Tasting Notes: The Lakes Distillery – The Whiskymaker’s Reserve No.6

The Lakes distillery have been somewhat prolific of late. Numerous Whiskymaker’s Editions have been released, which demonstrate individual different styles and influences on their spirit, along with the issue of their first “Whiskymaker’s Project” – a showcase of 7 bottlings each with a different ex-sherry cask influence – essentially demonstrating the breadth of flavours available within their express sherry-led future. (See press release here).

Here we see the release of their sixth instalment in the Whiskymaker’s Reserve series, which acts as an open invitation to enjoy their journey on the way to their signature malt whisky. The press release for the Whiskymaker’s Reserve No.6 (see press release here) expressly called out that this will be the penultimate release in that series. Based on the rate of output, we’d expect to see that drop later in the year, with all eyes then on what that signature malt will be. With Whiskymaker’s Reserve No.4 having won the Whisky Awards Best Whisky in the World title – you can imagine it’ll be like that!

For the sixth milestone, the Whiskymaker has looked to showcase the oak cask itself, over the fruity sherry notes:

More flavour-driven, with a focus on accentuating notes of wood spice, it has been principally matured in bespoke-made Oloroso, PX, and red wine casks, hand-crafted from Spanish and American oak, and designed through the art of élevage and blending expertise.

The Lakes Distillery

As with the other recent releases in The Whiskymaker’s Reserve series, this has been bottled at 52% ABV with natural colour and no chill-filtration. This release however sees another hike in price, this time retailing at £85 GBP per 70cl bottle, whilst available.

The Lakes – Whiskymaker’s Reserve No.6


Pretty floral for a sherry-heavy malt. Some sweet rose water flavours, with the accompanying sweetness of treacle toffee and plain chocolate. Those sugary elements with some rich berries and a gentle smell of flaked almonds bring cherry bakewells to mind.


The sweeter elements start things off with salted caramel, glacé cherries, sun-dried raisins, and milk chocolate. The flavours seems to quickly sharpen up and build a a richer and more bitter experience with rich dark chocolate now more dominant and coffee grounds. The richness of the flavours are then surpassed by the ever building wood spice. A cracked black pepper and mace intensity bring things to a fiery close.


The strong wood spice fizzles away for some time before a delicious set of red berries and jammy notes reveal themselves behind the spicy sparkle.


Definitely one for the oak heads out there. The sherry influences are all present and correct but the oak casks themselves do seem to get the larger share of the spotlight. Once again, I have read the marketing after the sampling, and this whisky again sees its mission statement which has been well and truly checked off – if that was the initial intention, of course.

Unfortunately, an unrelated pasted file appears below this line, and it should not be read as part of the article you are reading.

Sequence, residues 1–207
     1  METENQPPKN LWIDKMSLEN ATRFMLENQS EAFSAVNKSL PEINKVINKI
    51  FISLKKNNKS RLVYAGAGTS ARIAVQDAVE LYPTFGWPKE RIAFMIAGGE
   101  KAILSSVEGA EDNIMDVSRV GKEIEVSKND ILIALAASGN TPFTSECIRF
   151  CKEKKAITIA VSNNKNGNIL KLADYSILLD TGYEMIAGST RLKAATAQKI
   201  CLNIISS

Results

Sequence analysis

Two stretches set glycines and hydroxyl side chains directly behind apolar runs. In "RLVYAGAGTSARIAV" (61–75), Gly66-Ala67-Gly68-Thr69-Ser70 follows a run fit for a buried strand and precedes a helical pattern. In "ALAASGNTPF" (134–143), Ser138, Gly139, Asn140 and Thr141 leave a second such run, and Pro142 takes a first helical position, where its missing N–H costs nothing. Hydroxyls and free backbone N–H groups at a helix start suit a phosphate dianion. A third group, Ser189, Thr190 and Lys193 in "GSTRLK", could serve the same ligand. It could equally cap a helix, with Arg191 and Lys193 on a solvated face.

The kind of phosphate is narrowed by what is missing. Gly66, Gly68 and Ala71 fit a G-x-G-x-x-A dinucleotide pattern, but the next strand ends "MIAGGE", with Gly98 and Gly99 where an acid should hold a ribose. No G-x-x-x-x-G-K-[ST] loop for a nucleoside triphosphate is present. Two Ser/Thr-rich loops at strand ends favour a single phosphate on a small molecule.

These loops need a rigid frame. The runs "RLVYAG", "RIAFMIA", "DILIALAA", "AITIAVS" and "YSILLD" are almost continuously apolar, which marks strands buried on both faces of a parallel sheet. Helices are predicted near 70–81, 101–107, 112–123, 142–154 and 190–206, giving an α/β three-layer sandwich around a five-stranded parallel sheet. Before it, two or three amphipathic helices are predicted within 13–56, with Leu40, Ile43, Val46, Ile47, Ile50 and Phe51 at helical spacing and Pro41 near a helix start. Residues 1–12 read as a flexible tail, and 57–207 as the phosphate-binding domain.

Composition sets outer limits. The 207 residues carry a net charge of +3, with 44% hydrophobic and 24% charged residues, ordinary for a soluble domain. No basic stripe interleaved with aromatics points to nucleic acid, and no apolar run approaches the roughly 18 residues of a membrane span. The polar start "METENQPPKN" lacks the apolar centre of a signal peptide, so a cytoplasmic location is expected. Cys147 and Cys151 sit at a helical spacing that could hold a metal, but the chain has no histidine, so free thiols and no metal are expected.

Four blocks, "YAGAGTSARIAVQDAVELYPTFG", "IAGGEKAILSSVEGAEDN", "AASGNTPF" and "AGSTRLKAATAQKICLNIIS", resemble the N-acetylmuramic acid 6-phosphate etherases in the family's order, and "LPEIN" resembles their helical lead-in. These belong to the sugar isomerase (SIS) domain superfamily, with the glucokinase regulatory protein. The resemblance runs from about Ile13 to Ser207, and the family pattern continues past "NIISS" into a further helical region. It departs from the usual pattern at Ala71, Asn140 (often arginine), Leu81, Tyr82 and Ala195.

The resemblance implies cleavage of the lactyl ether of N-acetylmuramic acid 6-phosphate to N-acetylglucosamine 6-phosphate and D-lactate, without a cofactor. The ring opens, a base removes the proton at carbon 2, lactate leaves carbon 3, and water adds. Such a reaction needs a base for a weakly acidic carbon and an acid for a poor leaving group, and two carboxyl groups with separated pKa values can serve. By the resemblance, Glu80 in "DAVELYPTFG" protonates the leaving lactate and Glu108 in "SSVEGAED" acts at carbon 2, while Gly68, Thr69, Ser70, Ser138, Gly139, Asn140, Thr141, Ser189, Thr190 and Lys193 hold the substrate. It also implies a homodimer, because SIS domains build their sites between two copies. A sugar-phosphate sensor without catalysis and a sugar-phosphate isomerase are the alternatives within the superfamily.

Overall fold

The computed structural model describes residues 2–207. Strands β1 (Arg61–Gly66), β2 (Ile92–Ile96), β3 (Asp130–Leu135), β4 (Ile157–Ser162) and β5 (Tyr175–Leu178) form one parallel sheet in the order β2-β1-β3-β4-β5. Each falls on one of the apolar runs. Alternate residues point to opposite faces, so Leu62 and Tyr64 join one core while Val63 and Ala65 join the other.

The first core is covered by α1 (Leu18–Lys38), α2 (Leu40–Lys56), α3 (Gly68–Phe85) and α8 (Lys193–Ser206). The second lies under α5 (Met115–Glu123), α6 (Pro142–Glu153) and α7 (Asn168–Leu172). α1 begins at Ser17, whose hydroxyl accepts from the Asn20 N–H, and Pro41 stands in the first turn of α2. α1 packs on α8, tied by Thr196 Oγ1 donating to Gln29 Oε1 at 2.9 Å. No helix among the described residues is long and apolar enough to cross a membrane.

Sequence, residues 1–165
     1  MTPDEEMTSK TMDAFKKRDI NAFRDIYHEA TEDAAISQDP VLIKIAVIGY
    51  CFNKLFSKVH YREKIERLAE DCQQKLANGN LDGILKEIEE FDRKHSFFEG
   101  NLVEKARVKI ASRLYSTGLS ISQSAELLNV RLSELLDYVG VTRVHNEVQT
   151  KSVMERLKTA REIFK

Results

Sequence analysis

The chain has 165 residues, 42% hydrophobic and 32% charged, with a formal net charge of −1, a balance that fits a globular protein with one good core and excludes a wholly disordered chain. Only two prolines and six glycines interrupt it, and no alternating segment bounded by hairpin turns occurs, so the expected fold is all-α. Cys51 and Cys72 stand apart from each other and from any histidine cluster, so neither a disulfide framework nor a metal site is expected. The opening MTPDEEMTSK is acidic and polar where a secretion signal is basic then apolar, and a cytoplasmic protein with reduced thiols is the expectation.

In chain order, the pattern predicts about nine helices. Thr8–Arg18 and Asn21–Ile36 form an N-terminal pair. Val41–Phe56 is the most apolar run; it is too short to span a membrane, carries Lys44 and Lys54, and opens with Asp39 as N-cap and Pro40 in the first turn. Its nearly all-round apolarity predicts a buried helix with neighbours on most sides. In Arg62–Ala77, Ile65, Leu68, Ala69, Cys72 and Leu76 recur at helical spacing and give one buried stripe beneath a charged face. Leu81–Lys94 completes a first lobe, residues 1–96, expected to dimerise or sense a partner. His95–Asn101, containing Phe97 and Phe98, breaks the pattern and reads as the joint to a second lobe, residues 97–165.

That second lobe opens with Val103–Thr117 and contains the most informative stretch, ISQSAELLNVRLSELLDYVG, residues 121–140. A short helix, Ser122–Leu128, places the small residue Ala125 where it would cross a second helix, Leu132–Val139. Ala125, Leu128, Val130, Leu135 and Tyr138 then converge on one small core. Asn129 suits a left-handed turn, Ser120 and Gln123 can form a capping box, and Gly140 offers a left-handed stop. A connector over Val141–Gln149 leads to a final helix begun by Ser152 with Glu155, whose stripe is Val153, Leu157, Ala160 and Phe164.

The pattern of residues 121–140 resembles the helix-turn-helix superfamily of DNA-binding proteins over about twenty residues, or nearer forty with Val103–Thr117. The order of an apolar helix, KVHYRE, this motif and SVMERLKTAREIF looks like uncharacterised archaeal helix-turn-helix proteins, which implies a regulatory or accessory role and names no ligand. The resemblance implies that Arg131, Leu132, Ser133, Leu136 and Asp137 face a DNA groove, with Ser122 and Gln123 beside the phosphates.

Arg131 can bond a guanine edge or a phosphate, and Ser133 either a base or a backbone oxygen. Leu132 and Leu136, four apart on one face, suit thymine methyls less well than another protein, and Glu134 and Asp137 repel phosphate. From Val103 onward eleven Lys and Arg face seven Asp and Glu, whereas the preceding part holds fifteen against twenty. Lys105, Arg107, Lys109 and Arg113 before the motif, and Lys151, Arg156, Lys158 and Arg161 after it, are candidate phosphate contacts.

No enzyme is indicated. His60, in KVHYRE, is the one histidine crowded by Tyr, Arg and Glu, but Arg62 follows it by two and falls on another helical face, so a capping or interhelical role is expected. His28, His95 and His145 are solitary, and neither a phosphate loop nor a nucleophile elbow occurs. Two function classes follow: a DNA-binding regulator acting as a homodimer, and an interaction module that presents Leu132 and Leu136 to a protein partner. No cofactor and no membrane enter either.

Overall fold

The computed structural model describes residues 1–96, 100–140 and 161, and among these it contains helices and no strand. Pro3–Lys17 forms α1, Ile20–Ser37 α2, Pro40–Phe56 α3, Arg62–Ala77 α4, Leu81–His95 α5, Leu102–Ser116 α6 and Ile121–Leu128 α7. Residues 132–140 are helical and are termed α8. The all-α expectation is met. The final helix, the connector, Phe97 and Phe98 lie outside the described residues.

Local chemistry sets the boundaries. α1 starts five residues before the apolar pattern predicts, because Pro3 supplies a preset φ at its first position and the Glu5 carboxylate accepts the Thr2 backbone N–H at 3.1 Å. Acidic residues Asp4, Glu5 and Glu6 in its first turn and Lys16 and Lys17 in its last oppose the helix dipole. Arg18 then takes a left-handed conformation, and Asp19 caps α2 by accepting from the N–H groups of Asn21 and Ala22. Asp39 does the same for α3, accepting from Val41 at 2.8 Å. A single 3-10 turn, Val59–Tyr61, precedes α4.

There are a lot of superlatives and exuberant descriptors within the official marketing of this whisky [ed: I mean, when don’t we see that, really?] but the overarching philosophy is about that transparency and their search for what will become their signature bottling. By now, we know it will be sherry heavy, but the texture of the whisky, the level of spice, and the oak character are all vying for attention and an amalgam of all these Reserve releases will surely produce something of unquestionable quality. And that’s what we have demonstrated again here – unquestionable quality. This is another release which exemplifies that The Lakes will not put out anything they don’t stand behind. Whilst not the first whiskymakers in England (The English Whisky Co), or the highest selling (Cotswolds), they are carving out their niche for high-end, high quality whisky.

Official Photo (c) The Lakes Distillery

With that, there is the natural consequence of expense. You can’t have high quality, without high cost, right? This release clocks in at £85 per bottle. The cost of each release in the series has continually crept up higher and higher. Is it just inflation, their growing rent, increased age of whisky, or – as some cynics might suggest – just pure money-making by preying on collectibility? Whatever the reality is – I’m behind them. That should not come as a surprise based on the number of posts I’ve made about their whiskies. I’ve enjoyed this Whiskymaker’s Reserve No.6 whisky for sure, but now I am more invested than ever (emotionally, at least) to discover what that ultimate signature bottling will taste like, what it will be called, and just what level of damage a bottle of it will incur on the old wallet.


Official Photo (c) The Lakes Distillery

Sample disclosure: This whisky was reviewed from a sample received as part of a marketing promotion directly from the distillery. All notes are intended as an honest, fair, and independent review of the whisky itself and not as a promotion. Please drink responsibly. Please drink wisely.

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